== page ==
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Harvard will require its student athletes to undergo additional Covid-19 testing as the College resumes athletics competition this fall.
Vaccinated members of Harvard’s 42 varsity teams will be required to test twice per week, the athletic department informed student athletes last week, per guidance issued by Harvard University Health Services. Harvard is requiring non-athletes to submit a Covid test once per week.
Harvard Athletics Director Erin McDermott explained in an emailed statement Monday that the department implemented the policy so that athletes can safely train and compete maskless this semester — in both indoor and outdoor sports. University guidelines otherwise require all affiliates to wear a mask indoors.
Harvard’s varsity teams have not competed since March 2020, when the Ivy League canceled competition at the onset of the pandemic.
“Athletics consulted with HUHS and EH&S [Environmental, Health & Safety] on plans for student-athletes to train and compete this fall. Part of that plan included seeking an exception for student-athletes in wearing masks inside while training and competing,” McDermott wrote. “The requirement in granting an exception is for the testing cadence to increase to twice per week.”
Brant D. Berkstresser, associate athletics director for student-athlete health and performance, wrote in an email announcing the policy to student athletes last week that the additional testing is “for the overall health and safety of yourselves and the Harvard Community.”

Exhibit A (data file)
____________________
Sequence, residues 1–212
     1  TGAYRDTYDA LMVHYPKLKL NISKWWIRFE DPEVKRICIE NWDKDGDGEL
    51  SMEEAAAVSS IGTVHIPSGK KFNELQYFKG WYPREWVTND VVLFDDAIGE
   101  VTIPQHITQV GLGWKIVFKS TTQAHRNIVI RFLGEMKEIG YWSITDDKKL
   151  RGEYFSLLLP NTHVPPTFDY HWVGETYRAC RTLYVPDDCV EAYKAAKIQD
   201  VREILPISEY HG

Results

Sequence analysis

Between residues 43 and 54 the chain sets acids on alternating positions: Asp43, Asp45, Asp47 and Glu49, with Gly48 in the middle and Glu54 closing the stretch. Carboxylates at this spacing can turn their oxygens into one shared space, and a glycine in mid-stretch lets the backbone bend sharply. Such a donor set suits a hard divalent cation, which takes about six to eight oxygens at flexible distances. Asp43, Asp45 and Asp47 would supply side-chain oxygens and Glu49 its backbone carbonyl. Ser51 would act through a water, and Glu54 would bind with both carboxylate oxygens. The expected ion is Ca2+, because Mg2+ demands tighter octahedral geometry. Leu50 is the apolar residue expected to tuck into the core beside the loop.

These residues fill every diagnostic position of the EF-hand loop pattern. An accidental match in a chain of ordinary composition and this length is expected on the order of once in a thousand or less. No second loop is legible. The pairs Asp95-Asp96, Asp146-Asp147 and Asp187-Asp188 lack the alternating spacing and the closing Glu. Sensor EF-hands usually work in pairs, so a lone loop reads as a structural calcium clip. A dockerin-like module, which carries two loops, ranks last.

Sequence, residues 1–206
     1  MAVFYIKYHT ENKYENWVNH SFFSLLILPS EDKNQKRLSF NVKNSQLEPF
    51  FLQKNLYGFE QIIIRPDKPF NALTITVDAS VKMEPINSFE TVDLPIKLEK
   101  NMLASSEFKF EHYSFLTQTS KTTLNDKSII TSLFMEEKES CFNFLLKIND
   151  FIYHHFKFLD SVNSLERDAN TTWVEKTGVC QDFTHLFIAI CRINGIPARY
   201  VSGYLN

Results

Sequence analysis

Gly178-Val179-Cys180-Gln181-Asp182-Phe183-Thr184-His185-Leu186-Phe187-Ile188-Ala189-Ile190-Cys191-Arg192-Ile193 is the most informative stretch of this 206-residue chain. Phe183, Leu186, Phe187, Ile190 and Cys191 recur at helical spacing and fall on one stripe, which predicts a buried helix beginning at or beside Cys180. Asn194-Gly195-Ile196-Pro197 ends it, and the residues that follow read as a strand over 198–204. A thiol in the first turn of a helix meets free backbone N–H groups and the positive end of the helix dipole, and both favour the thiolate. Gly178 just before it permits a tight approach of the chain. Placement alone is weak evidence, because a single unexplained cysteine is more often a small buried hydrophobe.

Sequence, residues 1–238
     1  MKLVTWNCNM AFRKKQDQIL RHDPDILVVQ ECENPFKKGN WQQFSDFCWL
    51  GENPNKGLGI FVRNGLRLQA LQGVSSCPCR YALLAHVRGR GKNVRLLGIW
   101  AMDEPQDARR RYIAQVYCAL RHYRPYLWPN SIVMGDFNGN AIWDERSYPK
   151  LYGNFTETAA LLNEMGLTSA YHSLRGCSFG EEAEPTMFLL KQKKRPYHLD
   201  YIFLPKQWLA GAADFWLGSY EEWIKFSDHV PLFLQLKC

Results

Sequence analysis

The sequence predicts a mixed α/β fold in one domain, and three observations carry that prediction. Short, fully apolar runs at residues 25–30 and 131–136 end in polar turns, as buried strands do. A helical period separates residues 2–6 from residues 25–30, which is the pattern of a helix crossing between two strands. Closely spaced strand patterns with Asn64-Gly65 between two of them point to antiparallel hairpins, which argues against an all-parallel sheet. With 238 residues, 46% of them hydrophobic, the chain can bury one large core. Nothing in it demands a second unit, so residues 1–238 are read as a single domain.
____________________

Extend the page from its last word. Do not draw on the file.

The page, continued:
Athletics will require unvaccinated student athletes to submit a Covid-19 test three times per week, Berkstresser noted in his email.
Liam J.C. Rotzoll ’23-’24, a member of the men’s squash team, said he is willing to undergo a nasal swab one additional time per week if it enables him and his teammates to compete for Harvard.
“Whatever needs to be done for the season to go through smoothly should be done,” Rotzoll said.
Rotzoll said he has become used to wearing a mask while playing due to mask mandates near his home, but that it was a nuisance.
“That’s a great resolution for all athletes,” Rotzoll said of Harvard’s decision.
One of his teammates, Conner H. Stoltz ’24-’25, also said he is happy Harvard will exclude athletes like himself from the indoor-mask mandate.
“I’m always sweating a lot so when I’m halfway through the game, it’s just a mask sticking to my face, which makes it even harder to breathe. So I definitely think it makes a difference,” he said. “I really hope they don’t change that.”
—Staff writer Benjamin L. Fu can be reached at firstname.lastname@example.org. Follow him on Twitter @benfu_2.
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